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Tidal marshes as disequilibrium landscapes? Lags between morphology and Holocene sea level change

Geophysical Research Letters

7030_Kirwan.pdf
By:
and
DOI: 10.1029/2008GL036050

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Abstract

Historical acceleration in the rate of global sea level rise and recent observations of marsh degradation highlight the importance of understanding how marshes respond to sea level change. Here, we use an existing numerical model to demonstrate that marsh morphology, and its effect on biological productivity and vertical accretion, could lag century-scale sea level rise rate oscillations by several decades. This suggests that marshes, and perhaps other intertidal environments, have not been in equilibrium with Holocene sea level. Additional results suggest that marshes have not yet fully responded to historical sea level acceleration. Consequently, marshes today may be out of equilibrium with modern rates of sea level rise, and further adjustment in the form of platform deepening and channel erosion could be expected. Under an accelerating sea level rise rate, the morphology and productivity of marshland will reflect environmental conditions of the past, and studies of marshes today will underestimate their response to sea level rise.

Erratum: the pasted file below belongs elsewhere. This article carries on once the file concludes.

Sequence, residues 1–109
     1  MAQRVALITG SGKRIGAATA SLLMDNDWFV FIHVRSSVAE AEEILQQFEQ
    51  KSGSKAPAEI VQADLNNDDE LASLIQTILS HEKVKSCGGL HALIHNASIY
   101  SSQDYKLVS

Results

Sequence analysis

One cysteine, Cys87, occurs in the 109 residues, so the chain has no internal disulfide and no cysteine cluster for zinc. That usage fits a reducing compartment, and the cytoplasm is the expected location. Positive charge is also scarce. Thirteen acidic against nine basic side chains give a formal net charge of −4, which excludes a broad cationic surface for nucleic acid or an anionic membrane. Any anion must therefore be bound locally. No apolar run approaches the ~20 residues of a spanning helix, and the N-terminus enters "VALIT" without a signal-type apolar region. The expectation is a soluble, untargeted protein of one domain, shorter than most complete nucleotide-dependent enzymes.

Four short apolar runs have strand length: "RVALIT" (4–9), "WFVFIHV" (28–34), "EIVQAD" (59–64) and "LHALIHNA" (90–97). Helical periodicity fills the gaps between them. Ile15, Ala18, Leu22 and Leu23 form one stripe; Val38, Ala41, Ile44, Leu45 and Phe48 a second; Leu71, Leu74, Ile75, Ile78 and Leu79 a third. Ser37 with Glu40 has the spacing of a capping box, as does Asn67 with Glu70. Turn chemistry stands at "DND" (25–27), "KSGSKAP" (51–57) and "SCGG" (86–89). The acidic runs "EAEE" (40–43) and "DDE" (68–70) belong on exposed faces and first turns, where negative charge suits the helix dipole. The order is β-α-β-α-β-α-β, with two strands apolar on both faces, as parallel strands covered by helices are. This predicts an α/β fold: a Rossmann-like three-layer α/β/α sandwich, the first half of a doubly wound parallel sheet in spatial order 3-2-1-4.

Additional Publication Details

Publication type:
Article
Publication Subtype:
Journal Article
Title:
Tidal marshes as disequilibrium landscapes? Lags between morphology and Holocene sea level change
Series title:
Geophysical Research Letters
DOI:
10.1029/2008GL036050
Volume
35
Issue:
L24401
Year Published:
2008
Language:
English
Contributing office(s):
Patuxent Wildlife Research Center
Description:
1-5
Larger Work Type:
Article
Larger Work Subtype:
Journal Article
Larger Work Title:
Geophysical Research Letters
First page:
1
Last page:
5